There are plenty of things to worry about when it comes to social media. They are Skinner boxes designed to condition us to undervalue our privacy and to disclose personal information. They have opaque governance structures. They are walled gardens that violate the innovative spirit of the internet.
On certain levels of the American race, indeed, there seems to be a positive libido for the ugly, as on other and less Christian levels there is a libido for the beautiful. It is impossible to put down the wallpaper that defaces the average American home of the lower middle class to mere inadvertence, or to the obscene humor of the manufacturers. Such ghastly designs, it must be obvious, give a genuine delight to a certain type of mind. They meet, in some unfathomable way, its obscure and unintelligible demands.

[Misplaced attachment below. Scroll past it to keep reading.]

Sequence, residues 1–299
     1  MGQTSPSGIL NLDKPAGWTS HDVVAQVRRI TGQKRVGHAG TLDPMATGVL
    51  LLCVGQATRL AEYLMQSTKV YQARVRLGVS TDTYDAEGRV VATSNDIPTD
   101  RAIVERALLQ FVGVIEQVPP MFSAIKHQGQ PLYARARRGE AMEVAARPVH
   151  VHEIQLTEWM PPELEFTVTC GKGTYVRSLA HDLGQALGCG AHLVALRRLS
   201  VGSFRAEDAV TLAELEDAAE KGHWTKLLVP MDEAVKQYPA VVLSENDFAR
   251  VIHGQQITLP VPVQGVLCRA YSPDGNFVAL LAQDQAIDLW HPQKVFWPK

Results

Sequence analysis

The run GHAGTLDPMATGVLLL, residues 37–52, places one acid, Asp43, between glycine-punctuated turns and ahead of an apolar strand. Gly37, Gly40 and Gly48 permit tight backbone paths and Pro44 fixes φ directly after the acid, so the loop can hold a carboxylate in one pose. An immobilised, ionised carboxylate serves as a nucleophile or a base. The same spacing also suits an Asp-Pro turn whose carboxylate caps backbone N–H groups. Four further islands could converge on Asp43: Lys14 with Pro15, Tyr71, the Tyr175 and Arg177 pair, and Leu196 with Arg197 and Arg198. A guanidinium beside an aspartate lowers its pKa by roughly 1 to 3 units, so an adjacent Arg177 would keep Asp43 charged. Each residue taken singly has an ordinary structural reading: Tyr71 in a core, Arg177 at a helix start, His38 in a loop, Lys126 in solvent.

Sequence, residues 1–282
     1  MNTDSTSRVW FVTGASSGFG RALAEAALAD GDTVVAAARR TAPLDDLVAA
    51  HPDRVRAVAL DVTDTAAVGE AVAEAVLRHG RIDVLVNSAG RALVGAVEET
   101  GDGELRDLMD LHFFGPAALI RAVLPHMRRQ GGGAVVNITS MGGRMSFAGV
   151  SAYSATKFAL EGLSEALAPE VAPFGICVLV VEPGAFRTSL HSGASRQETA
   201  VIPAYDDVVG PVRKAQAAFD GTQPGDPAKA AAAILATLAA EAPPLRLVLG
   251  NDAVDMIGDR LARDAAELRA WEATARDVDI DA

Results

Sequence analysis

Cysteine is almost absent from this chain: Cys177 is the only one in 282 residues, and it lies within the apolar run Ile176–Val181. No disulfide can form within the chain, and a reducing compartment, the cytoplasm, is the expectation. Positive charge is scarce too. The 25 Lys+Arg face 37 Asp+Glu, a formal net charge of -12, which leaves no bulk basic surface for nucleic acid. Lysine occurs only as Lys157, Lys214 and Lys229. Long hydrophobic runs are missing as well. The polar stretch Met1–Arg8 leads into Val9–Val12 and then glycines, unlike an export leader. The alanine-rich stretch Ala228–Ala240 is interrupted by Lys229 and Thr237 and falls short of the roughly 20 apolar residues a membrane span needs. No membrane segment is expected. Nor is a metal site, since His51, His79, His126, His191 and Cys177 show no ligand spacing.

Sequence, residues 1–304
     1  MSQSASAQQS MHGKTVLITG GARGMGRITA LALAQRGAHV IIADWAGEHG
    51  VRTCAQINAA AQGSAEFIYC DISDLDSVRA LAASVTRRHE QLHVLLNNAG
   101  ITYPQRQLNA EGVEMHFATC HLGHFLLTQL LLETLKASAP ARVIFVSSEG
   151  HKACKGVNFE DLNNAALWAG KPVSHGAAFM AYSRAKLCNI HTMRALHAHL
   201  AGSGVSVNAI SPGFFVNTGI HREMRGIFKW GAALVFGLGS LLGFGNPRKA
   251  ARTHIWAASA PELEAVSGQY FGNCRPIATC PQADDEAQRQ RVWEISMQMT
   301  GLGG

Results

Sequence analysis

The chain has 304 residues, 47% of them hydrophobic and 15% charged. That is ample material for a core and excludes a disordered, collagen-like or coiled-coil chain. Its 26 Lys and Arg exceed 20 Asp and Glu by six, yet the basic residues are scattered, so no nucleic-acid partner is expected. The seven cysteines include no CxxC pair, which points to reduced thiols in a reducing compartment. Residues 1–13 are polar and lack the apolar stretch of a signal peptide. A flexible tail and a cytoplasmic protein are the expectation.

2) I LOVE that MySpace allows users to bling out their pages -- that's a cool thing for young people to be able to do. But it is physically impossible (as of the last time I looked, 6 or so months ago) to create a MySpace page that is anything but a fucking mess. Why not start with something graphically attractive and use that as a springboard for young creativity, rather than starting with a typical '90s-era Geocities page and offer tools to fuck it up even more? So yes, MySpace is inherently, unredeemingly ugly.
Item 10: In a capitalistic society, such as the one in which we live, aesthetics as an endeavor flows through a body which is built of free enterprise and various illnesses. In boom times art may be supported by wildcat speculation or by excess funds in the form of grants from the state or patronship as a tax write-off. Currently, we are suffering from a lean economy. By necessity we must be self supporting. Popular media are bigger than fine art media. Aesthetic mediums must infiltrate popular mediums. We are building a business-based art movement. This is not new. Admitting it is.
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